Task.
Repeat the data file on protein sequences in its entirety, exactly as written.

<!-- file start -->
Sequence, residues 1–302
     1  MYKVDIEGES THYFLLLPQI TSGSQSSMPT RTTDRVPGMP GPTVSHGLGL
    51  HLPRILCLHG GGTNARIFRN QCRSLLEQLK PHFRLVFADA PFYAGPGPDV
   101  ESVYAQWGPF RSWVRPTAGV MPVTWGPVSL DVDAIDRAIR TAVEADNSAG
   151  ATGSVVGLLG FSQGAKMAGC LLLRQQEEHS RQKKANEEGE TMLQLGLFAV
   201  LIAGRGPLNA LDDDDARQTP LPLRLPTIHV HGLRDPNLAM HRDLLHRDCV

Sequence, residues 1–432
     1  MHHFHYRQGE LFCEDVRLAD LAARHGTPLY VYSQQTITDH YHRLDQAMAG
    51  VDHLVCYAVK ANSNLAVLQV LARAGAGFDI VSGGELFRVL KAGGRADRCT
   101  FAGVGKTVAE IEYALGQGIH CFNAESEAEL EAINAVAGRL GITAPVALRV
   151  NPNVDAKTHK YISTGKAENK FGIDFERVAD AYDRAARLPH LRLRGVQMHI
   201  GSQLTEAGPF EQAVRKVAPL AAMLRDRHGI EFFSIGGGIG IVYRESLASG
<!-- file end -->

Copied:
Sequence, residues 1–302
     1  MYKVDIEGES THYFLLLPQI TSGSQSSMPT RTTDRVPGMP GPTVSHGLGL
    51  HLPRILCLHG GGTNARIFRN QCRSLLEQLK PHFRLVFADA PFYAGPGPDV
   101  ESVYAQWGPF RSWVRPTAGV MPVTWGPVSL DVDAIDRAIR TAVEADNSAG
   151  ATGSVVGLLG FSQGAKMAGC LLLRQQEEHS RQKKANEEGE TMLQLGLFAV
   201  LIAGRGPLNA LDDDDARQTP LPLRLPTIHV HGLRDPNLAM HRDLLHRDCV

Sequence, residues 1–432
     1  MHHFHYRQGE LFCEDVRLAD LAARHGTPLY VYSQQTITDH YHRLDQAMAG
    51  VDHLVCYAVK ANSNLAVLQV LARAGAGFDI VSGGELFRVL KAGGRADRCT
   101  FAGVGKTVAE IEYALGQGIH CFNAESEAEL EAINAVAGRL GITAPVALRV
   151  NPNVDAKTHK YISTGKAENK FGIDFERVAD AYDRAARLPH LRLRGVQMHI
   201  GSQLTEAGPF EQAVRKVAPL AAMLRDRHGI EFFSIGGGIG IVYRESLASG